Tesla Investors Cheered By Swift, Benign SEC Response.
New Chairman Needs To Be Strong, Independent Figure.
Could Tesla Be Ripe For Takeover?
Tesla Inc shareholders were breathing a sigh of relief as the U.S. Securities and Exchange Commission (SEC) took a relatively forgiving view of CEO Elon Musk’s recent antics.
The SEC insisted Musk give up his chairmanship of Tesla for three years, but he retains his seat on the board and his CEO position, and must cough up a fine of $20 million. The company was fined $20 million too. Investors had expected much higher fines, and a long-drawn out saga which might have curbed Tesla’s ability to raise crucial short-term capital.
A new chairman must be appointed, and investors are hoping it is someone with a proven record in the automotive industry, and no links to Musk or his family.
Shareholders had worried that Musk might be banned from any involvement with Tesla. A chastened Musk will now have to get his tweets approved by the company. It was a tweet that Tesla was “going private at $420, funding agreed” that prompted the SEC involvement.
“That is clearly a big win for shareholders in the short term, considering Mr. Musk’s outsize role at the company,” The Wall Street Journal’s Heard on the Street column said, in an article headlined “Tesla Gets A Second Chance.
Meanwhile an idea is gaining momentum that Tesla might be ripe for a takeover.
Investment bank Morgan Stanley said although Tesla is having great difficulty ramping up production of the Model 3 and faces some high financial hurdles, it has some compelling qualities that a traditional manufacturer might covet.
“Tesla faces challenges in areas where Detroit (manufacturers) have capacity and experience like manufacturing, logistics and delivery, while Tesla can offer software, connected car, and EV (electric vehicle) domain knowledge to a (manufacturer) in exchange for previous capital. Is there a fit it might believe is worth exploring,” asked Morgan Stanley analyst Adam Jonas.
Other analysts agree this might be a possibility, but only if the Tesla share price dives to a level which valued it perhaps 50 per cent higher than BMW. That implies the Tesla share price sheds about three quarters of its recent value.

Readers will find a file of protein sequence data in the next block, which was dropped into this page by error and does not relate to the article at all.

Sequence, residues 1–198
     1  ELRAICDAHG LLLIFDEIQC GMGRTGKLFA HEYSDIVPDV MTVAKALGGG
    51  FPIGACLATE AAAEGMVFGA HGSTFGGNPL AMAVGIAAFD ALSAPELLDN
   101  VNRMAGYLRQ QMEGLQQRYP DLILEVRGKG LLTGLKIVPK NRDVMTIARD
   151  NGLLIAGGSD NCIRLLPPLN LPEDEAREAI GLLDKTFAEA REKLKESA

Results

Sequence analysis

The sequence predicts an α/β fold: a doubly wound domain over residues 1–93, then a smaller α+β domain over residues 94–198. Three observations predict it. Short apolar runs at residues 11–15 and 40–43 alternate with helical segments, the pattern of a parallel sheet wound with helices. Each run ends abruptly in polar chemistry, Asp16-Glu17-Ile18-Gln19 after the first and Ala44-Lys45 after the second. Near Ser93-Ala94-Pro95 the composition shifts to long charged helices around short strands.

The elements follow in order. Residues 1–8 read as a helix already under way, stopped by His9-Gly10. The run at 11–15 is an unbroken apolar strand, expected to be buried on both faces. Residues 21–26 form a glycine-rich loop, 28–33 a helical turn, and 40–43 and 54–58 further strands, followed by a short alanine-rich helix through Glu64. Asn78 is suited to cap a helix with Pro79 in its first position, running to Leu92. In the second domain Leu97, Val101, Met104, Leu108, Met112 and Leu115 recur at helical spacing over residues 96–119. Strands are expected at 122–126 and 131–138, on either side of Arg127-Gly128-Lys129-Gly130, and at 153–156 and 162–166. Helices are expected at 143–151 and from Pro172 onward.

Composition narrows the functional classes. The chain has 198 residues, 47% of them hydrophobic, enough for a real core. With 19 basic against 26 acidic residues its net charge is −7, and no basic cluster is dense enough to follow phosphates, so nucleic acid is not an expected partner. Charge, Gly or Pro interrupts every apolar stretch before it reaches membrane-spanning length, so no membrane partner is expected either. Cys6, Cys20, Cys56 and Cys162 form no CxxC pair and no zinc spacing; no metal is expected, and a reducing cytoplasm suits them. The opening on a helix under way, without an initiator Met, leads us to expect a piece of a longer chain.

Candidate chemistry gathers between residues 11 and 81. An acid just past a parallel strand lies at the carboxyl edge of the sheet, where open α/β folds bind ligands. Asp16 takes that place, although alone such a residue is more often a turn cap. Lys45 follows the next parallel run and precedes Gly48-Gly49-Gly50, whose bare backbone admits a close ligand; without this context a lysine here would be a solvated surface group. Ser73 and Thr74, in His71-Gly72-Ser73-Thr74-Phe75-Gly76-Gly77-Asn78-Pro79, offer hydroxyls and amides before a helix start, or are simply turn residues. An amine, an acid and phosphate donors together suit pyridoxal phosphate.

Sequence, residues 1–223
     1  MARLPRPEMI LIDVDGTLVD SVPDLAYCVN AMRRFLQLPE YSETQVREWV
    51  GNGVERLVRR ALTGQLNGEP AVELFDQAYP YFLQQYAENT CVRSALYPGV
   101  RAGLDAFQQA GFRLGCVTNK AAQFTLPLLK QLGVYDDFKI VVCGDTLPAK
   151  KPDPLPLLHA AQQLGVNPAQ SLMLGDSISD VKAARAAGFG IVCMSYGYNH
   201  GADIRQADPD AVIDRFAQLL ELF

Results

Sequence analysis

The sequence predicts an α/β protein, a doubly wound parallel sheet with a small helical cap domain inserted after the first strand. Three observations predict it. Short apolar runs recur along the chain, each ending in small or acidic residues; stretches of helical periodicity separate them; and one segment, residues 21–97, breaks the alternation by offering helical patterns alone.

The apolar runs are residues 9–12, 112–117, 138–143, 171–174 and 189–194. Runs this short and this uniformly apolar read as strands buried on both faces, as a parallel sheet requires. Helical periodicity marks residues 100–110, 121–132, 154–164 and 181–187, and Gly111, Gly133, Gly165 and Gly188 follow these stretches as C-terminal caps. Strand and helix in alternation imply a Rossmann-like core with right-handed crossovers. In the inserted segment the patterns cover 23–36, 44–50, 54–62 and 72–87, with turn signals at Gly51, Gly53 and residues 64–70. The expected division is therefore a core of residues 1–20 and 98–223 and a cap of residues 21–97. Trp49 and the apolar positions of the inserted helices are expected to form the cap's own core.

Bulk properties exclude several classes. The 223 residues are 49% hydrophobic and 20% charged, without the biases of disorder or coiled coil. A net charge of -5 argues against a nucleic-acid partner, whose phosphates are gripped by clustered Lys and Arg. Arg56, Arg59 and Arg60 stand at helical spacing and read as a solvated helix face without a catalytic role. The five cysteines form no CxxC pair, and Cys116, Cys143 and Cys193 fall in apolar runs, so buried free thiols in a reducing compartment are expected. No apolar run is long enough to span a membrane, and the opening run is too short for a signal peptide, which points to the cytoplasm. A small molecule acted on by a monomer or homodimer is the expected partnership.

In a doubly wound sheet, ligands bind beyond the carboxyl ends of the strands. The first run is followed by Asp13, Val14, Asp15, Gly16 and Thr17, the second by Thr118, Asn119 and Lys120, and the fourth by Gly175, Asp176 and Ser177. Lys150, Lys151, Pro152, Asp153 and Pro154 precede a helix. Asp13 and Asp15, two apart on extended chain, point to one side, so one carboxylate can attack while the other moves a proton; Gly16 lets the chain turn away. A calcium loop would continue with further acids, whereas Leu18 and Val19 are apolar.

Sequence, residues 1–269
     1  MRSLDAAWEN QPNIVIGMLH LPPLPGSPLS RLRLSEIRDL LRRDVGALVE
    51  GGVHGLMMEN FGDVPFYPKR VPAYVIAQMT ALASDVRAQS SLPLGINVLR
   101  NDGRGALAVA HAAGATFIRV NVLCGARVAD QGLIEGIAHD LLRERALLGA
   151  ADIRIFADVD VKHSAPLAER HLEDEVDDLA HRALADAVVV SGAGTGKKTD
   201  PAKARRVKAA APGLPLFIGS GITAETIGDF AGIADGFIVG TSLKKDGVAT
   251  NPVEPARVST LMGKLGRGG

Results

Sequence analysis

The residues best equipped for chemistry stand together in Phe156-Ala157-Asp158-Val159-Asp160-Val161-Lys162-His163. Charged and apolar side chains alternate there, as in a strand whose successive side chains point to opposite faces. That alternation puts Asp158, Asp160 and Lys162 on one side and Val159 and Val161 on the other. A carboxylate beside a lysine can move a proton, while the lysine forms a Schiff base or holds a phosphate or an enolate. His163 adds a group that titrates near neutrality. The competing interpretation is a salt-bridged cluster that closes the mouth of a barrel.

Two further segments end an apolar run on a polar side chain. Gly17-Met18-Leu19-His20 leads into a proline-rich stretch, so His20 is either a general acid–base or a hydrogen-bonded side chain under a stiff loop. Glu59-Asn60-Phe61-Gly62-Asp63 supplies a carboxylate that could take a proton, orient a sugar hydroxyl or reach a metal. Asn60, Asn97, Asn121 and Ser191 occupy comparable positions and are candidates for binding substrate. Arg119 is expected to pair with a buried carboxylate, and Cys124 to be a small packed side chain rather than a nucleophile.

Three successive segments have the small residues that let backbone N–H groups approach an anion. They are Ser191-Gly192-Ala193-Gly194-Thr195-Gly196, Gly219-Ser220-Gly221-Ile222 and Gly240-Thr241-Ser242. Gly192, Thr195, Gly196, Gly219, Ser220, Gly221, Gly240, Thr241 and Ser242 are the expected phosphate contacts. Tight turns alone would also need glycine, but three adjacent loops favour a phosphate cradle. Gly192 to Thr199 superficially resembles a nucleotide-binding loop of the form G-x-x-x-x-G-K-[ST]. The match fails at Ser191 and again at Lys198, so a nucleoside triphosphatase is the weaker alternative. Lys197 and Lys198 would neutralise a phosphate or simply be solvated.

At that price, Tesla could even be an attractive takeover target, although it first must confront a liquidity crunch. The company is burning cash and has $1.2 billion of debt that due by March.
Investors will be asking who will be the next chairman.
“The next step for Tesla is to fill the Chairman and independent director positions. We strongly advocate, and believe investors would welcome, an outside Chairperson who is an independent thinker, strong in character and has extensive operational experience. Someone who Musk will share respect and who will want to use him as a sounding board. We will see,” investment researcher Evercore ISI said in a report.
Reuters Breaking Views columnist Antony Currie suggests Alan Mulally or his equivalent.
“Bringing in a savvy elder statesman of the car industry would be a far better choice: Alan Mulally, for example. The former Ford boss and Boeing executive has the engineering nous and organisational acumen Tesla needs. His experience dealing with the Ford family, which controls 40 per cent of the voting stock in the automaker, could help with Musk, who owns a fifth of Tesla and is personally associated with the company’s brand,” Currie said.
As the Model 3 production ramps up, Tesla faces existential threats.
According to Fitch Solutions, new products from Tesla’s premium rivals are a growing threat to its dominance of the electric vehicle (EV) market.
“Other brands, mostly in the premium segment, are launching or preparing to launch models that will directly compete with Tesla in the electric vehicle (EV) market. The premium electric SUV segment, for example, where the Tesla Model X has the edge, will be particularly hotly contested following the launch of Jaguar’s I-Pace (in Geneva last March) and Audi’s E-tron SUV and the Mercedes EQC (at this month’s Paris Auto Show) to join the fray in 2019,” Fitch analyst Anna-Marie Baisden said.
“Negativity surrounding Tesla at a time when more options are joining the market, giving consumers a chance to stay with brands they may already be loyal to, heightens the risk to the brand,” Baisden said.